Three UC Davis School of Medicine students are finalists in a global competition to develop solutions for health inequities associated with emerging infections, including COVID-19.

Annica Stull-Lane, Erica Lin and Christina Lowry joined the Innovate4Health competition because of their desire to improve community health by addressing antibiotic resistance in marginalized populations.

They’re among nearly 100 teams of medical and public health students who submitted project ideas late last year. A panel of experts connected to several prestigious academic organizations, including Johns Hopkins Bloomberg School of Public Health, evaluated the projects.

When their application was accepted, the UC Davis trio became one of 32 finalist teams and transitioned into the so-called design-sprint phase, where they work several hours a week on their project with the help of mentors from UC Davis and elsewhere. Finalists are rewarded with access to national experts in infectious diseases, public health and advocacy to help refine their projects.

    The team’s accomplishments have impressed the director of the medical school’s M.D./Ph.D. program, Saul Schaefer, M.D., noting “the incredible quality and resourcefulness of our students, their care for underserved populations, and the collaborative nature of their work.”

    The project started when Erica Lin, in consultation with Michael Wilkes, M.D., M.P.H., Ph.D., the School of Medicine’s director of Global Health, assembled a team passionate about improving quality of care in low-resource settings. Lin is a medical student with experience working with free clinics and Federally Qualified Health Centers, where she developed resources and projects to further integrate care with social work programs.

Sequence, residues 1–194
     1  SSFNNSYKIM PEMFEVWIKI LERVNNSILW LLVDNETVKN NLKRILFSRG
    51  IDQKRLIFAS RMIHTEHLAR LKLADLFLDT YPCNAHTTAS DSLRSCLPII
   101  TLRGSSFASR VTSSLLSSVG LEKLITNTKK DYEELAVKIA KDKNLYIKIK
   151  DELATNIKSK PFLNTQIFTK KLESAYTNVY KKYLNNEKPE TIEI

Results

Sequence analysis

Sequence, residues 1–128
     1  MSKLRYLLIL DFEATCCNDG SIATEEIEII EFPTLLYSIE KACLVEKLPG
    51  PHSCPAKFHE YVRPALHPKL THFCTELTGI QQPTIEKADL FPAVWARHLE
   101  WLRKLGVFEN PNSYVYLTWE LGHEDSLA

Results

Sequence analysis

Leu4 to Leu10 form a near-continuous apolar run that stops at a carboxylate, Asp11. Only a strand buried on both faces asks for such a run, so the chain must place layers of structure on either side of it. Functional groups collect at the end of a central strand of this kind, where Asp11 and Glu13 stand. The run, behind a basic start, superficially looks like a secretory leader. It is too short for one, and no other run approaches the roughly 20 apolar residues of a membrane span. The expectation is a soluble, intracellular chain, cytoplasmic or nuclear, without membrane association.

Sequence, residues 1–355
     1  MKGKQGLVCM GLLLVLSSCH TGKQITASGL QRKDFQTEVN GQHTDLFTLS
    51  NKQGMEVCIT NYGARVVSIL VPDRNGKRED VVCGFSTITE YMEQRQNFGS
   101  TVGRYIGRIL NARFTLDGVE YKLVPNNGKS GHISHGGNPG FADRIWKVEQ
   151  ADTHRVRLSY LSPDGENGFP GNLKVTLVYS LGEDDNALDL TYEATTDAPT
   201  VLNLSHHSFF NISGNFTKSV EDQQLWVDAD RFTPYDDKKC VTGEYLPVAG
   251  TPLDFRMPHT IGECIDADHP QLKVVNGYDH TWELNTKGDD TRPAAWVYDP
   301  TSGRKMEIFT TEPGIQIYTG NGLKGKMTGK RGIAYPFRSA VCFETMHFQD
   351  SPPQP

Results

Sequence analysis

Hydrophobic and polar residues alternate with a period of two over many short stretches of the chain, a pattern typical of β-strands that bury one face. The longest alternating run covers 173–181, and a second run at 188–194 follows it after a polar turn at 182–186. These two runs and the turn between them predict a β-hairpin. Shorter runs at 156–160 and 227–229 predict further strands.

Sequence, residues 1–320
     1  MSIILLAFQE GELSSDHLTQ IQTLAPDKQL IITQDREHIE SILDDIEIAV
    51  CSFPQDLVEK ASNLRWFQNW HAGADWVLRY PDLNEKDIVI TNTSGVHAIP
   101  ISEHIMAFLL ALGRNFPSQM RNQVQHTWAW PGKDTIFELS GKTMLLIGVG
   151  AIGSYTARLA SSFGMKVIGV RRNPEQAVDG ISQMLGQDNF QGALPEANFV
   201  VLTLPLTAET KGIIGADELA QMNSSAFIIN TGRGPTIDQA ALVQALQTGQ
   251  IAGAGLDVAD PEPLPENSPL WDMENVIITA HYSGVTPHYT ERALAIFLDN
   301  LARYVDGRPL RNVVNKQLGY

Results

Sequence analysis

Teammate Annica Stull-Lane, an M.D./Ph.D. student in infectious diseases with experience in public health, microbiology and research, had recently designed an online course for the One Health Institute on the threat of antimicrobial resistance.

    And Christina Lowry is a graduating medical student who’s worked in low-resource care settings domestically and internationally.

    “We came together as a team and ideated about challenges around community health systems, food systems and emerging infectious diseases,” Lin said. “After a robust brainstorm, we homed in on a project addressing antimicrobial resistance in low-resource settings.”

    The goal, said Stull-Lane, is to create a replicable, sustainable model for implementing antibiograms — the periodic summary reports that indicate a patient’s antimicrobial susceptibility. UC Davis Medical Center has an antibiogram, so the students are trying to adapt it for low resource settings. “We would like to have a proof of concept with local community partners and then share our experience with others as a template, with the goal of decreasing inappropriate antibiotic usage and improving health outcomes,” she said.

    In addition to Johns Hopkins, other major organizations that back the competition are: ReAct, an international, independent network to articulate the complex nature of antibiotic resistance, and the International Federation of Medical Student Associations.